Originally Posted by unbelragazzo
Agreed. The only thing I've heard people say is that his style is not really Neapolitan, but instead more English. Not that he would disagree, he calls it the "London House" after all.
Well, "Neapolitan" does not have the clear-cut meaning we pretend it does on the internet. Naples, like anywhere else, is subject to trend and fashion. The prevailing look has fluctuated over the decades there. So, in that sense, it is true: Rubinacci is not very "Neapolitan" because he does not do what is fashionable at this moment, which is a sort of cartoon of Neapolitan styling flourishes. Why? Because that's what they've become known for internationally and the local culture is attempting to latch onto that fashionability. I really dislike it, no offense to anybody.
What Rubinacci does
do is a cut and style that has barely changed in over eighty years. You can tell by looking at the old vintage pieces. They are only English-inspired in the sense that anything anybody made eighty years ago had better have been English-inspired to be considered of any taste. So current talk of the Rubinacci style being more English than Neapolitan seems extremely odd to me. Any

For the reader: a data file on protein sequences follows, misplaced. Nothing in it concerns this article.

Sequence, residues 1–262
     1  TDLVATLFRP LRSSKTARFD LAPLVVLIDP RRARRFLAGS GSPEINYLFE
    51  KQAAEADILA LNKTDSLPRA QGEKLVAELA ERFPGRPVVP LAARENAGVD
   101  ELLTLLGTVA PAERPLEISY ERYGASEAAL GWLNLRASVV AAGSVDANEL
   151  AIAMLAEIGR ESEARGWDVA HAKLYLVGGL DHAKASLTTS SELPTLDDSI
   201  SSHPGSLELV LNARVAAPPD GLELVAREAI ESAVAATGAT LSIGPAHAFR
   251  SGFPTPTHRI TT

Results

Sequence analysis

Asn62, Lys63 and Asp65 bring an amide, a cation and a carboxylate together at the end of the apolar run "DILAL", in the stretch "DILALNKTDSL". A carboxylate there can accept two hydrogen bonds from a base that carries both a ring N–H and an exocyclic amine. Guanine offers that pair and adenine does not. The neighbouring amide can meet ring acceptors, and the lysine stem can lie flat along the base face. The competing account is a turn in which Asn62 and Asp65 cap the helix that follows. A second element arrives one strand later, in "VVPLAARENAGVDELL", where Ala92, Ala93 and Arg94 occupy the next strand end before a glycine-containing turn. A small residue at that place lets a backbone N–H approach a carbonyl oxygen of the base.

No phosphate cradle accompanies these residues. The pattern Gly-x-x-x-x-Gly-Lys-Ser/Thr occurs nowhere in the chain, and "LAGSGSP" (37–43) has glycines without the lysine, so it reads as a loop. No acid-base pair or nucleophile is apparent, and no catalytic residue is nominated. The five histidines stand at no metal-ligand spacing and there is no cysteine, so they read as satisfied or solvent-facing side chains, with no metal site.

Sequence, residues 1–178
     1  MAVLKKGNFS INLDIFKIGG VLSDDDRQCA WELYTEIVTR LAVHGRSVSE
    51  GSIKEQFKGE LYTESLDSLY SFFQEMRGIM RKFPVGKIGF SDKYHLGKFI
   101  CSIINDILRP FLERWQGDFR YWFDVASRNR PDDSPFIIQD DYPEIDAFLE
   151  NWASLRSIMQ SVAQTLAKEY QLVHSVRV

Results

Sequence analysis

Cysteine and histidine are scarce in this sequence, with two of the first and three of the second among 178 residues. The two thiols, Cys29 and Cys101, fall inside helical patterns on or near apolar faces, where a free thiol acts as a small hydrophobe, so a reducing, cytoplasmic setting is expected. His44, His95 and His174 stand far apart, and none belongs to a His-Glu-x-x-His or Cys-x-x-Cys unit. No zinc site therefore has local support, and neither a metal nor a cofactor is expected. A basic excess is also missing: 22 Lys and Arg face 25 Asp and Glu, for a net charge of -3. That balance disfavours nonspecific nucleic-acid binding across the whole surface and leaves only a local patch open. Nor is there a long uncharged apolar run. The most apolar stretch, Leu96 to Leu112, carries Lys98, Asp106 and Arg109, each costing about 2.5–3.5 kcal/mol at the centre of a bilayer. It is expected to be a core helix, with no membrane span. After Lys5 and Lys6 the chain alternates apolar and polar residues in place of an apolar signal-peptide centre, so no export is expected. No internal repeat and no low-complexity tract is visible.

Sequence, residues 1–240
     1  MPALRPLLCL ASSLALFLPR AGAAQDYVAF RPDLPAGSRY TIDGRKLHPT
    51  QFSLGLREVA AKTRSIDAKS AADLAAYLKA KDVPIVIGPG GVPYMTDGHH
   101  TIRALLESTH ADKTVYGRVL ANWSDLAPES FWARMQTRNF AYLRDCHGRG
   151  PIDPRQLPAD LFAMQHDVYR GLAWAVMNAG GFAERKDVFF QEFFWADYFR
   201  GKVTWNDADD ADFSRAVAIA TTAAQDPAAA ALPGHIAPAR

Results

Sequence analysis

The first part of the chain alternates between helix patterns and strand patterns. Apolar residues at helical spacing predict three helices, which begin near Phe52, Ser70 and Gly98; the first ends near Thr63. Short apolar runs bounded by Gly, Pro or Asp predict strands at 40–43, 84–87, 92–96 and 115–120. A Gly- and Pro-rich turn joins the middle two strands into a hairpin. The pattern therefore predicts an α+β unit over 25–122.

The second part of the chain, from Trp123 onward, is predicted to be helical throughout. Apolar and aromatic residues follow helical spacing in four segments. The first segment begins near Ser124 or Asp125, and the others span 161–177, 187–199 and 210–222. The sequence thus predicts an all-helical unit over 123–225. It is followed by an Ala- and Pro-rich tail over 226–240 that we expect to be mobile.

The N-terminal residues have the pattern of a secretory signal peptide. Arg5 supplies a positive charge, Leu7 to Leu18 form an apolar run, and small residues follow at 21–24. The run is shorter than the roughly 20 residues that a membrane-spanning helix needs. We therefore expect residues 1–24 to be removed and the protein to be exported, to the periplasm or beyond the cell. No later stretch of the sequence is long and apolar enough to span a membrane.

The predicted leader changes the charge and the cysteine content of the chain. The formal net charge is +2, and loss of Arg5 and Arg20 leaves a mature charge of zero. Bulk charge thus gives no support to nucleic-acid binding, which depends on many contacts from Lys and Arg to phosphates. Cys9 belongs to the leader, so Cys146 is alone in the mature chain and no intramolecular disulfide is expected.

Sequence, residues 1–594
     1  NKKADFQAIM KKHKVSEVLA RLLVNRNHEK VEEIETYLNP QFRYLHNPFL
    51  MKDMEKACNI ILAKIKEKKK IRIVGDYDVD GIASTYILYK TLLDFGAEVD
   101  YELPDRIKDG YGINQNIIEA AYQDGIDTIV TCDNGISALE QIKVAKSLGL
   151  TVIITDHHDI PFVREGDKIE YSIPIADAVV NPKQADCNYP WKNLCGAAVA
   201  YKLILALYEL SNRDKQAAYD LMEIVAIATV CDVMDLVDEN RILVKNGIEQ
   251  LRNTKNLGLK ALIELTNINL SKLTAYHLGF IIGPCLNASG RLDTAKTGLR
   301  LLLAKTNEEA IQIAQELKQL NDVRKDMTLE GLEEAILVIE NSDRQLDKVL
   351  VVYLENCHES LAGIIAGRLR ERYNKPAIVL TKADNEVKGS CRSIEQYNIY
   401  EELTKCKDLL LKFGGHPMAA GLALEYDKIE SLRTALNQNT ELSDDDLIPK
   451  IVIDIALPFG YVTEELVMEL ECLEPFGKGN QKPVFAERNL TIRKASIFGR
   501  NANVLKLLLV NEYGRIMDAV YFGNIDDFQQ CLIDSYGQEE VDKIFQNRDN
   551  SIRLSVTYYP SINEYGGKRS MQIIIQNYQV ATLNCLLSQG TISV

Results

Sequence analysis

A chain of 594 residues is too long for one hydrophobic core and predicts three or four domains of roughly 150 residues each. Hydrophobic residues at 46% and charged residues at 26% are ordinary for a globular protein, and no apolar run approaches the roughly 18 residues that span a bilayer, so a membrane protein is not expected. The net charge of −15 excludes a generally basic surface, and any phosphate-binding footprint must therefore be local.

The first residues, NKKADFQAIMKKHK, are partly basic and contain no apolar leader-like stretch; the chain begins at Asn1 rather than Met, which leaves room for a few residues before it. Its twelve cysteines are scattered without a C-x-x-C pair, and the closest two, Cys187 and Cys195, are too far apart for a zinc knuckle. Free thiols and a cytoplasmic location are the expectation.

style of suit or jacket with a real claim to historical Neapolitan heritage is going to be English-inspired because the English dominated men's fashion for the first half of the twentieth century.
A piece of Neapolitan tailoring that does not claim English influence is thus likely of much, much more recent origin.